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How to Deal?

March 1, 2008 4:41 PM

Ahhh! So many maddening ironies, mile-high challenges and double standards in the workplace—it’s unclear whether to chuckle or cry. Among the comments I’ve been confronted with in the last week alone:

•"I’m tired of being told that I need more experience to be seen as a viable candidate. How can I get that experience if nobody is willing to hire me unless I have it?"

•"Debt from a devastating divorce left me with a low credit score. Even though I’m ready, willing and able to work, that low score is being held against me so I’ve been turned down for every potential position. Until I’m generating an income, I can’t pay my bills,
which means this vicious cycle has no end."

•"When a woman dares to shed a tear at work, she’s considered manipulative and tricky. There’s no chance she’s genuine. When a man cries, he’s called compassionate by colleagues. He’s a good guy with a heart."

•"Ambition is a badge of honor for men. If he’s not ambitious, he’s somewhat of a loser. But an ambitious woman is a b-tch. She’s cold and calculated and she’s looking out only for herself. "

None of these frustrations are particularly new, but they all came at me at once. Please post your comments and let us know your take on them. Can you relate to some of the sentiments? What kind of coping mechanisms would you suggest? Share your humor and seriousness from the trenches on overcoming the ironies and obstacles.

Comments (14)

Where do I start...I am 3 1/2 years out of college. I have been with a company for 1yr 9months....and since I started never had clear defined roles/responsibilities because the department was going through a transition. When I came on I reported to a manager and my roles were supportive and I gradually received my own projects...well, within 8 months, my manager quit...so I began to report to a director and manage my current projects as well as my old managers projects....the director transistioned into a new role and I than got a new director. When he came on board, I explained my roles--as I understood them and the many projects I managed. As time passed my counterpart who was on maternity leave returned and we than split the projects---Now, remember I am managing several projects and at one time I managed all projects in my group. No complaints - I loved it - the experience was great but I knew based my research and common knowledge I was underpaid. I went to my new director with a proposal, my accomplishments, my goals...everything - And, requested a salary increase. He first asked, did I know my level within my title (info never given but I never asked either) - I explained to him that I did not know but felt that regardless of where I was currently, what I was doing warranted an increase. He came back and told me my level (level 1) and gave me an increase. I felt that the increase was low for what I had accomplished as well as what role I was doing. He said that it would take more time to move from my current level to level 2 - I took that as a generational gap. With that said, I told him that I thought the increase was extremely low but my concern is that if he was being fair and he thought that the offering was fair, I wouldn't argue - So, I received my increase and retro - Good, right...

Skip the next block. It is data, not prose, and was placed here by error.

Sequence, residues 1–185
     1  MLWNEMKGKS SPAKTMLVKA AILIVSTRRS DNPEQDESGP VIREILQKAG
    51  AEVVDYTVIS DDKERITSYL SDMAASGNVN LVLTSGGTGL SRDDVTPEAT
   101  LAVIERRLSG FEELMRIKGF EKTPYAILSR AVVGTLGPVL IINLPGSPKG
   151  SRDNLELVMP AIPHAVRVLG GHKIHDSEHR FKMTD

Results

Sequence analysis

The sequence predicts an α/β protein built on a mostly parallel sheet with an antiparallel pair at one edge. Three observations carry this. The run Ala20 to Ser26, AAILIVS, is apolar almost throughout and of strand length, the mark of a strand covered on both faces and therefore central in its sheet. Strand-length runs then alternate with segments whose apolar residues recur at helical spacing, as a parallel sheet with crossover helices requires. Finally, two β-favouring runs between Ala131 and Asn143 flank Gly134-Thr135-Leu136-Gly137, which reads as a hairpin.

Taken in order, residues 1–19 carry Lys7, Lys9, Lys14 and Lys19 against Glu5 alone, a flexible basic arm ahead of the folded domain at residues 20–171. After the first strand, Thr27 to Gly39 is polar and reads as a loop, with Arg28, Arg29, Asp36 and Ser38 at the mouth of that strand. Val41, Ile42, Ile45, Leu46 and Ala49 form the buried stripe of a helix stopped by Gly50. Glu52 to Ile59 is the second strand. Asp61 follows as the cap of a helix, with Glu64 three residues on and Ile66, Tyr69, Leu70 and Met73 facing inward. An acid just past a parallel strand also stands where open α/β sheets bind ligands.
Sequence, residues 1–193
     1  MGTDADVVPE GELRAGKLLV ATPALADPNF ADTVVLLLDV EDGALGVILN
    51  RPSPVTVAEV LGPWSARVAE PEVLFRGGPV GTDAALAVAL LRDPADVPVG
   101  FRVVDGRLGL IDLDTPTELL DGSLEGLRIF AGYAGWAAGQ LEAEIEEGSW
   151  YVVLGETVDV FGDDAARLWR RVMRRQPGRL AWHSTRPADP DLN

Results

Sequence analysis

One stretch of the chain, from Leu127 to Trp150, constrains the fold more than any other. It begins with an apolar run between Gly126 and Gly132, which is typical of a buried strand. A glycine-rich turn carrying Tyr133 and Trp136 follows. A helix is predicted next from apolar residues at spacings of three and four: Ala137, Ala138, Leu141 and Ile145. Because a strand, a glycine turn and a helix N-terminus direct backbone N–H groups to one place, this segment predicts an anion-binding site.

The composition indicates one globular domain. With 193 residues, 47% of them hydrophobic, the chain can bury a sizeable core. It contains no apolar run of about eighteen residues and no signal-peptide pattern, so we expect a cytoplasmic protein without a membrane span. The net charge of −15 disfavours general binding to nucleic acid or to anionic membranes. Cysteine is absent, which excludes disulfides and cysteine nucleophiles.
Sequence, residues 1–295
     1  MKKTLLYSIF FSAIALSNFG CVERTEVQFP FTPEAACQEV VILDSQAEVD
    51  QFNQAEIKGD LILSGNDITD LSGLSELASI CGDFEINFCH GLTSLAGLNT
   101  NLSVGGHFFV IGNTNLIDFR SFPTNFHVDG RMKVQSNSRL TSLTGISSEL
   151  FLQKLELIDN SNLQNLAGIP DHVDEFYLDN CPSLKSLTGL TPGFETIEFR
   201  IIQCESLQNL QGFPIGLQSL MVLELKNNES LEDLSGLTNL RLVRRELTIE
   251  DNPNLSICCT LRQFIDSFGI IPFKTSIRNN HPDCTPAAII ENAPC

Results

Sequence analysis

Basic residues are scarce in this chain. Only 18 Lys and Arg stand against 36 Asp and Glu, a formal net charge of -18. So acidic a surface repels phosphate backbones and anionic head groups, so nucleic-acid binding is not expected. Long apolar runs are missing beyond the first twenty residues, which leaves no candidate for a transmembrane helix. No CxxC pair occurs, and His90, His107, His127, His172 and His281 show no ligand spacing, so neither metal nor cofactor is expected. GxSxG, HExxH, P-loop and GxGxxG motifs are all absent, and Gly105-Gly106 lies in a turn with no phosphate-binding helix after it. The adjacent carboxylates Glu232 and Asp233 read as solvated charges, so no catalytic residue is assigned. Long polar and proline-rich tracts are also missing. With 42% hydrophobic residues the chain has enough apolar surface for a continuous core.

Not if, they changed my level to fit my current pay.

Just by coincidence a document came by my desk that showed my level in '06, when I was hired..it was level 2 - I thought the document could have been an error...well, I was going through some old files and saw level 2 by my name again.

So, it appears that although in the system, I was level 2, I was being paid level 1...And, when I requested a salary increase, instead of giving me a salary increase from my "true" level they gave me one from level 1 (this is what my pay was reflecting) and than changed my level from level 2 to 1.

My first mind is to quit and I thought..no, they need to pay me according to what I do and what I have been doing.

Is this discrimination? or Is it another situation where a women is underpaid and I should be happy that I received a salary increase regardless of my level and what it should be?

To Sandy Dumont: You hit the nail on the head when it comes to young people in the workplace. I am fresh from a Ph.D. program into a federal government job and boy, did I need a wardrobe check. After five years of typing my dissertation in my sweats, I looked around and determined that I needed to update my duds -- and quick!